Last Updated: Friday - 09/24/2010
Week of January 13, 2003
In search of St. Agnes
Evocative mission faces re-creation
St. Agnes - Feast Day, January 21
By TED FITZGERALD
Special to the WCR
Life comes to Santa Ines when a brown-robed, sandalled Franciscan padre slowly and deliberately makes the arduous climb to the campanario (bell tower) platform to ring three toneless bells, a call to early Mass and a discordant greeting to the new day.
Long shadows from feathery-leafed mesquite trees mottle adobe walls in the early sun as a few parishioners, responding to the summons, follow an arched colonnade to occupy wooden benches in the oblong mission chapel.
Mass is said beneath decorated roof beams (vigas) that break the lines of heavy ceiling planks in the severe, box-like nave of the thick-walled frontier mission building. With the exception of the reredos wall, a very convincing example of trompe-l’oeil decoration, plaster walls display a few very old statues and late 18th century Stations of the Cross. Serenity prevails here.
And during the Mass, St. Agnes, patron of the mission, observes in effigy the Eucharistic celebration from a place of honour in a niche high above the ancient altar.
St. Agnes (Ines in Spanish, anglicized to Ynez), symbol of chastity, was a Roman girl martyred in 304 at the age of 13 for refusing to worship state idols. She was a true martyr – electing to follow her Christian beliefs even in the face of death. Wealthy and beautiful, she chose her Saviour over marriage to any of numerous suitors, having “consecrated her virginity to Christ.”
Betrayed to the authorities and sent to a brothel when she refused to recant, she proved miraculously unapproachable and was later beheaded. The popular saint is traditionally shown in art with a lamb (“agnus” in Latin) and a palm frond.
After the later, more popular 8 a.m. Mass, other parts of the restored mission complex are open to the public for self-guided or audio tours.
Santa Ines is the 19th in the chain of 21 missions, extending almost the length of California, that was established by Blessed Junipero Serra and his Franciscan associates. Built in 1804 and virtually destroyed in an 1812 earthquake, it recovered to become one of the more successful church establishments. Its effective end came in 1834 when newly independent Mexico secularized all Church holdings.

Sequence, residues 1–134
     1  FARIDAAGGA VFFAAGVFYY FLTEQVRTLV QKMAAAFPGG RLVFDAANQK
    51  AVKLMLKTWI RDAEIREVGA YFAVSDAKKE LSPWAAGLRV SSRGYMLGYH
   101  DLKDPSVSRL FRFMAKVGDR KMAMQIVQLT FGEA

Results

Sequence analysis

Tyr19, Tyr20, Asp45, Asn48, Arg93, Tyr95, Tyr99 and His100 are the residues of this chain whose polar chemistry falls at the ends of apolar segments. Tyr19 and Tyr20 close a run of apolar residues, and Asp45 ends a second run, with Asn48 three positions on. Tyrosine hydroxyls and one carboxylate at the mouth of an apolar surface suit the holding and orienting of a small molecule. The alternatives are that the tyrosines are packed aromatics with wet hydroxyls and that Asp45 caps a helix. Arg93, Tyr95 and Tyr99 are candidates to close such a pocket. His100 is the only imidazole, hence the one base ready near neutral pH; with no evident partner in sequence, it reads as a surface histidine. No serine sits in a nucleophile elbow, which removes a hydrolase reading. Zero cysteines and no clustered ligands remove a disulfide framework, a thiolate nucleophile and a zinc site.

Situated in the fertile Santa Ines Valley, the mission once owned vast expanses of fields and pastures. Since its founding by padre Estevan Tapis, the complex has experienced almost 200 years of development, neglect, abandonment and sporadic attempts at rejuvenations. Fortunately an historic restoration foundation now has an ongoing project to ultimately recreate the entire mission quadrangle.
An active parish, Santa Ines has, in addition to two daily Masses, three celebrated on weekends (all bilingual). A great range of activities, both religious and civic, is centred on the mission throughout the year.
A little museum attached to the church exhibits artifacts representing phases in the mission’s history – rare documents, decorated music manuscripts, a cherished painting of St. Agnes. Priceless 18th-century vestments are displayed in a separate vestry.
The tree-shaded mission grounds are an artist’s and photographers’s delight. Buff adobe walls contrast with the gray-green fronds of ancient mesquite trees. And it’s a relaxing place where visitors may view the old cemetery, a garden, fountain and remnants of old archways.
Most visitors to Santa Ines will leave these park-like grounds to explore the town of Solvang. It’s one of California’s most popular tourist destinations – a full-fledged Danish village replete with gift and craft stops, restaurants and European atmosphere.